Most of the UK’s top retailers of toys believe that rival kids’ learning tablets LeapPad 2 and InnoTab2 will be among their strong sellers come December 25th.
Out of the predicted top Christmas toys lists we compiled from 11 retailers, most favoured the iPad-style kids devices.
Not far behind with eight listings was Hasbro’s returning interactive pet Furby – previously a must-have Christmas toy in 1998.
Focal Nerf blaster, N-Strike Elite Hail-Fire, got seven votes of confidence from retailers.
In terms of stand-out brands, 12 LEGO products were named, followed by ten from Moshi Monsters.
The results mirror those from last year when most retailers predicted the LeapPad, Nerf and interactive pet offerings from Mattel and Hasbro to be top sellers (ToyNews November 2011).
So does the lack of one clear, stand out retail favourite indicate that the days of the one must-have hot product – like the original Furby or Robosapien or Buzz Lightyear for example - are numbered?
Not necessarily. Toy market analysts NPD says that the toys are still hot – but the market as a whole is stronger, providing attractive products in each target market.
“We see that there are hot toys in each category,” said Frederique Tutt, NPD’s toy market analyst for Europe.
“Furby is a very hot toy - right now it is the second best selling toy and it corresponds to the girls market.
“The LeapPad2 is also a very hot toy and it is currently number one, and that corresponds to a different target market, while InnoTab2 is at number three.
“Moshi Monsters is also a very hot fourth quarter range - it has been the number one property in the UK since the beginning of the year and one of its items is currently the number four best seller.”
“So, there are a number of hot toys.”
That these products are already selling well would seem to indicate that retailers’ lists are accurate in predicting what the public will buy.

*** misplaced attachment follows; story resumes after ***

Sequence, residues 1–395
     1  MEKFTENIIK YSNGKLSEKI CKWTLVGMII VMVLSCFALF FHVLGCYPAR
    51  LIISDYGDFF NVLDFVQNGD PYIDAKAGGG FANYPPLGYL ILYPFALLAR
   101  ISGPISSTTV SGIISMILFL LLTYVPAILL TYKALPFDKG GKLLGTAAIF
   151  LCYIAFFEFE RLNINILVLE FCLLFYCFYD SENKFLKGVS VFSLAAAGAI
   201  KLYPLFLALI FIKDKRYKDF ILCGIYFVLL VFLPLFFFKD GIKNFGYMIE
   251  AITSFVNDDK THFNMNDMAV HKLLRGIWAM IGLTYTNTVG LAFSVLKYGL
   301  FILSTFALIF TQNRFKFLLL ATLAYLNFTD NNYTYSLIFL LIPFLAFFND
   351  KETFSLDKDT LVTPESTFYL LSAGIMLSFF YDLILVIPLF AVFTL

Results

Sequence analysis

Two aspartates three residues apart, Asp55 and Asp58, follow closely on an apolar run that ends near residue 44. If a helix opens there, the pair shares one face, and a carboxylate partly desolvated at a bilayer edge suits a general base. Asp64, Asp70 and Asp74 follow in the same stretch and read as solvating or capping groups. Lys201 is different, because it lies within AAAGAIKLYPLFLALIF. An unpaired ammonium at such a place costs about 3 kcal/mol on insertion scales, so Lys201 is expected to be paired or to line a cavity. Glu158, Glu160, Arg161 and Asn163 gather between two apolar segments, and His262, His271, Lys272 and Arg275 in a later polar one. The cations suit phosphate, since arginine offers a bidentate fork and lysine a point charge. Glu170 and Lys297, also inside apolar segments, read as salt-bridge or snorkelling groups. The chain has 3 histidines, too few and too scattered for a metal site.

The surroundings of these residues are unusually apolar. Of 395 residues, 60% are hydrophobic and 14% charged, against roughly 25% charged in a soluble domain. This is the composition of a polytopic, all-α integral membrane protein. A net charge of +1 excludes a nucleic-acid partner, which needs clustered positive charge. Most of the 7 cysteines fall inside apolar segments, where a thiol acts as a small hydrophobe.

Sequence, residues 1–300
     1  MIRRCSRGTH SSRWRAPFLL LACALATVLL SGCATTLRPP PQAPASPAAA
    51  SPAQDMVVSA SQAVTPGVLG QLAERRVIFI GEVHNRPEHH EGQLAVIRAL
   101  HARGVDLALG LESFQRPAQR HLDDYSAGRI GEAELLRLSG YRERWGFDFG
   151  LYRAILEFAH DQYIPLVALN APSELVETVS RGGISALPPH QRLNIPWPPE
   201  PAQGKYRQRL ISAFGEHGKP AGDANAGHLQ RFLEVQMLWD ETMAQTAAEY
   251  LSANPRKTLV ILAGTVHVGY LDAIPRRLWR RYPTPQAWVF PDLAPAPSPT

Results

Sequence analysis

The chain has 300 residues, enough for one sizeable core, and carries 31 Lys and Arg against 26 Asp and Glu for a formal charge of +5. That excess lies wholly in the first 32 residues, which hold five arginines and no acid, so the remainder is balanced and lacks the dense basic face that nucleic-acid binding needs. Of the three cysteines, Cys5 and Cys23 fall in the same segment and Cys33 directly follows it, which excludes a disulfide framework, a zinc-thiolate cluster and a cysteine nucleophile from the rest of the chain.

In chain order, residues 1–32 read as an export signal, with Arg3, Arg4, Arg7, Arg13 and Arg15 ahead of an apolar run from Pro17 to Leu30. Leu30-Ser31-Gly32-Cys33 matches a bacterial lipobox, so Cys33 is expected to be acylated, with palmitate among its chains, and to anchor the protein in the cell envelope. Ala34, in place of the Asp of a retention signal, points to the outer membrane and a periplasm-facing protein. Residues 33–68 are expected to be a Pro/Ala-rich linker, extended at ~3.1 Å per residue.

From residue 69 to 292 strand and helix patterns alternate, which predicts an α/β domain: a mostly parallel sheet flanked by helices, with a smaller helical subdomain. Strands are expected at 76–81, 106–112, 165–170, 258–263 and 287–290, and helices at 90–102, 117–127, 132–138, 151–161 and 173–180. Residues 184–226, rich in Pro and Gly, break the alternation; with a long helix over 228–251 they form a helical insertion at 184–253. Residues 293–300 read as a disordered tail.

Indeed, NPD confirmed that in 2011 the definitive top toy prediction list, the TRA’s Dream Dozen, proved “very accurate”.
Ten out of the 12 went on to become top five best sellers in their respective categories. It seems that the increasing number of retailer Christmas toy lists, and the subsequent media coverage, could be influencing consumer’s buying decisions away from the one single ‘hot toy’ mania that we witnessed with the likes of Robosapien, Buzz Lightyear, Teletubbies and the original Furby, to name just four.
Back in December 2003, for example, the top 15 items represented 5.5 per cent of toy sales. Last year, December sales were worth 6.6 per cent.
“This might sound like a small difference, but it is quite huge on a month worth close to £300 million,” Tutt continued.
“This is probably helped by the fact that every retailer is advertising its top ten - or let’s call it 15, because it varies slightly depending on the retailer.
“So this group of 15 is getting stronger,” she concluded.
retailers' christmas lists combined
Lists compiled from Dream Baker’s Dozen, The Entertainer, Smyths, Toys R Us, Hamleys, Argos, Amazon, Tesco, John Lewis, Play.com and Sainsbury’s.
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